Writers are notoriously creative. When we get together and talk about writing, the extroverts among us wax poetic—the introverts (if given a chance, and enough pauses by the chatty extroverts) often have great ideas about improving and augmenting a text in workshop. But more loquacious workshoppers and their quieter cohorts need to keep these simple rules in mind.
I didn’t make these up and they’ve been sourced all over the place. Most recently in Steven Dunn’s workshop at Lighthouse, “Workshopping the Workshop” that you really need to watch for if he leads another one. I will credit all of the sources below.
Rule Number One: No prescriptions
This isn’t your book (story, poem, play) so unless specifically asked, “What do you guys think I can do here plotwise? (characterwise, with setting, imagery, etc.) continually ask: What is the text on the page itself need for understanding and clarity? Not how you would love to see it go with Fiona and Claire.
Rule Number Two: Don’t bogart the joint
You love the story. You are overtaken by emotion in a good way. Try to chill.
I have often been guilty of this one. First off, it doesn’t matter if the text reminded me of darling Aunt Sally’s tufted velour pillow collection. Rhapsodizing about the way the text made you feel isn’t helpful. Sure, if you’re asked at the beginning to give an overall impression, spend a bit of time telling the writer about what you saw as their strengths. We all love it. But specificity is key. Try to use page numbers and reference specific scenes/words and remember, you don’t want to corner the market on input. Your fellow workshoppers have just as good ideas (often better) than yours. If you have a hard time not popping in during silences, time yourself. If there are seven people in the workshop, you can plan to say something every seven minutes. I write people’s names and put a checkmark every time they share, including myself.
You also have to wait a full one minute before chiming in if there’s silence.
Conversely, quieter people should make bullet points about the text. In workshop, there are often common topics like:
• What’s working (in general)?
• What do you think the text needs for clarity (where are you confused if at all)?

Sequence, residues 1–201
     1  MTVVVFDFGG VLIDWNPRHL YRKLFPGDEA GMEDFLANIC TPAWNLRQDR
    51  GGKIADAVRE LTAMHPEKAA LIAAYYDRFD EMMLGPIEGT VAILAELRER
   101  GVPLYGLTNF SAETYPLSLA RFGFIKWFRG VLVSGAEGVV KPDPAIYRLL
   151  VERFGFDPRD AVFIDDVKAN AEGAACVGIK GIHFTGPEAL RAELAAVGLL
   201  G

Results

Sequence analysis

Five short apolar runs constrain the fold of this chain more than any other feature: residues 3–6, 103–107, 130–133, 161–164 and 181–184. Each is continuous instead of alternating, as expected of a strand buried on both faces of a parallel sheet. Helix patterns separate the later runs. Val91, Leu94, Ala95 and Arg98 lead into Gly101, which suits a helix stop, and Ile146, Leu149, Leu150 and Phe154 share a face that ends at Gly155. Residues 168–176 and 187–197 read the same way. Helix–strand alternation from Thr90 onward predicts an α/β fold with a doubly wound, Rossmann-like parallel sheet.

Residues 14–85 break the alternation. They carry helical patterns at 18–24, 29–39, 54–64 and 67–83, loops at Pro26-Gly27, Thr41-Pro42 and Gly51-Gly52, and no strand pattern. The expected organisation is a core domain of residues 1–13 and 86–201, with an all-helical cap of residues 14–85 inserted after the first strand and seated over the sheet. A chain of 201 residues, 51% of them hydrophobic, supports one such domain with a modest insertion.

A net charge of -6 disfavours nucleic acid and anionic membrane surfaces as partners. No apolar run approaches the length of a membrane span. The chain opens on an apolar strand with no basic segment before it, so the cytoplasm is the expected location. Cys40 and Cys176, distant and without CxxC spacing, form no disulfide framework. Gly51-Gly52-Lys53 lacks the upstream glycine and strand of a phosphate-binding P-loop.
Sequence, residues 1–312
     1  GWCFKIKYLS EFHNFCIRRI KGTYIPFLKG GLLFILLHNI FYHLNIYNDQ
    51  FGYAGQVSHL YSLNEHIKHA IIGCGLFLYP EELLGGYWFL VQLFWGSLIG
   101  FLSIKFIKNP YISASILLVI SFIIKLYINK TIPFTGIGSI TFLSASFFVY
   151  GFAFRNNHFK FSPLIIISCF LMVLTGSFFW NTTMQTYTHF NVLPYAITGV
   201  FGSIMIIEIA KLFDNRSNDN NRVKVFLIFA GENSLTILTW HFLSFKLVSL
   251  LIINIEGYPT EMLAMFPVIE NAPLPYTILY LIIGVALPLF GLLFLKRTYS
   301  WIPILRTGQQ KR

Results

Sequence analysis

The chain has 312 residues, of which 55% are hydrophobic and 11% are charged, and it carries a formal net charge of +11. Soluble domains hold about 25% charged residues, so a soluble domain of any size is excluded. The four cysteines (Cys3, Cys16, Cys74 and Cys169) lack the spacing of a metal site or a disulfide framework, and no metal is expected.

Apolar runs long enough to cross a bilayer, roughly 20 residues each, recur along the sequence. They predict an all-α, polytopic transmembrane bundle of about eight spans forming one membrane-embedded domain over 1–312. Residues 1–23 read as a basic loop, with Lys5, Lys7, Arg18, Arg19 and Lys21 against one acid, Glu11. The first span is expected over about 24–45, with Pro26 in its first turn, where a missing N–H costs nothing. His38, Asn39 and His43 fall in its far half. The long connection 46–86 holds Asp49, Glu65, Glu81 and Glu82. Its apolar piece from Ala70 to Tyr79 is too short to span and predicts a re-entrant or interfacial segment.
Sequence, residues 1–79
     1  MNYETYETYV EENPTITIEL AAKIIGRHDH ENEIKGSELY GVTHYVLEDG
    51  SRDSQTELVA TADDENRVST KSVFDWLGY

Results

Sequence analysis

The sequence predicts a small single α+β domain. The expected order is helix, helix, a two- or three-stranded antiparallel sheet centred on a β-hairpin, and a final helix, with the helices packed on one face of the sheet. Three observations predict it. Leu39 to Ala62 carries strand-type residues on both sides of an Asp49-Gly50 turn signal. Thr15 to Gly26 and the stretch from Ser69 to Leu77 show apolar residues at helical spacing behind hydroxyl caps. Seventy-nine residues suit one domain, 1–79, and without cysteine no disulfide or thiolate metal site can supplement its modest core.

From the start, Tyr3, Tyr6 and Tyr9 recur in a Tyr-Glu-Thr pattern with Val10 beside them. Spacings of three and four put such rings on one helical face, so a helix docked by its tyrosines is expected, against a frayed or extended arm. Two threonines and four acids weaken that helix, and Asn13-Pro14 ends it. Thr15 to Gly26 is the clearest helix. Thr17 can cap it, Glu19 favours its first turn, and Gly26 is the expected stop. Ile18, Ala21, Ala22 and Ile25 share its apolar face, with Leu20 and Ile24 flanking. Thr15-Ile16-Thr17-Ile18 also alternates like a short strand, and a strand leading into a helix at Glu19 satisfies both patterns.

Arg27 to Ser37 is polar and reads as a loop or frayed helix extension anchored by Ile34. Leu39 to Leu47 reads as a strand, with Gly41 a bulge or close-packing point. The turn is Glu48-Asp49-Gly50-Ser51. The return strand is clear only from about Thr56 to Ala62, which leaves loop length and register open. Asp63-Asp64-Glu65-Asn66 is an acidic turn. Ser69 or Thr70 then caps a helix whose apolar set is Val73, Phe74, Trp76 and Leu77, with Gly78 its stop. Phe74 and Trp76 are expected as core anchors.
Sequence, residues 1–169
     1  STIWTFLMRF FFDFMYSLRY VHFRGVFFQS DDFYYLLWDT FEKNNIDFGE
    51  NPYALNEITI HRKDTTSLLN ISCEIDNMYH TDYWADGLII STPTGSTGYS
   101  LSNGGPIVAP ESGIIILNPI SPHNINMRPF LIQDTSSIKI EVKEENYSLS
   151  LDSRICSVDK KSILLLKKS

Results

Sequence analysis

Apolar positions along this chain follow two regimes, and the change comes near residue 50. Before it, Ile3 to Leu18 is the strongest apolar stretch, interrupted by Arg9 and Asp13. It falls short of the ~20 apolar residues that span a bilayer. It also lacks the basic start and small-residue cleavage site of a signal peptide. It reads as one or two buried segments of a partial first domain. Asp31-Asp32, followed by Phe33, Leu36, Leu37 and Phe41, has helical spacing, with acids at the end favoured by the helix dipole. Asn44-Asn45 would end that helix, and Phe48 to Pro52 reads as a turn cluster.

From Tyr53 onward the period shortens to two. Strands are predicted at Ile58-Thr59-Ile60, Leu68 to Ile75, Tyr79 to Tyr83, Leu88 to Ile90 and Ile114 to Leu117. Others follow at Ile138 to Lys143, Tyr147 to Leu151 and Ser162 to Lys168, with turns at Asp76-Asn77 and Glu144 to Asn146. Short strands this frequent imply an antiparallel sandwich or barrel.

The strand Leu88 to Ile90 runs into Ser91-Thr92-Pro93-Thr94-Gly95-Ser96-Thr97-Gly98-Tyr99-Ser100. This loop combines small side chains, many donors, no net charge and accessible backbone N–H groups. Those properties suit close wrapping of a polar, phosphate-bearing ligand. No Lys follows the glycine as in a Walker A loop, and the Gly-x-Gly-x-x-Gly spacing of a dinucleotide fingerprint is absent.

• What about the sentence, stanza, paragraph level? How are these building blocks of the work helping and hindering the reader’s experience?
• Find a spot you love and plan to read it out loud.
• Find a spot you would like to see tightened. In poetry, where the images may be muddled, in playwrighting, dialogue that doesn’t do enough work for the character/plot in comics, I don’t know how to workshop those so please don’t ask me.
Quieter people will benefit by having this list in front of them.
Planning to pipe in during these discussions can help you a) If you’re getting a grade and need to be a great workshop member for a good one and b) it helps the writer hear from everyone instead of 1-2 confident/loud people c) oddly enough it can help you clarify your own issues as a writer. You’ll be merrily typing or scribbling along and a workshop experience based on these bullets will come up for you in the current project. You’ll be like: I thought I was helping them, but check it out, I learned something, too.
Also, try to piggyback off what other people are saying. The aim is a lively discussion not everyone changing the topic each time they speak. Use the list of names to keep track of what you would like to say about which person’s comment. A few scribbled words like, “Jax said they liked the use of assonance here. I also saw assonance here and there plus a great image there.”
Rule Number Three:Send your comments to the writer FAST
Workshoppers are often waiting for input before submitting to a deadline in a journal, magazine or for a contest. Don’t be douchy. Send your comments as soon as you can.
A word about preparation: We all can tell if you spent five minutes before class or are reviewing the text for the first time in workshop. This is lame as #$@% and you’re better off ratting yourself out if you have had a horrid emergency and couldn’t review the writer’s work the way it deserves to be reviewed. As in, if the leader calls on you, you can say, I was sideswiped by a tractor during harvest yesterday and spent the night in a ditch next to the cornfield (insert your own emergency) but I will make sure to spend time with this (a LOT of time) and send my notes. I apologize.
Rule Number Four: Don’t be afraid to question uncool gender, race, or any kind of fucked up insensitivity or harmful themes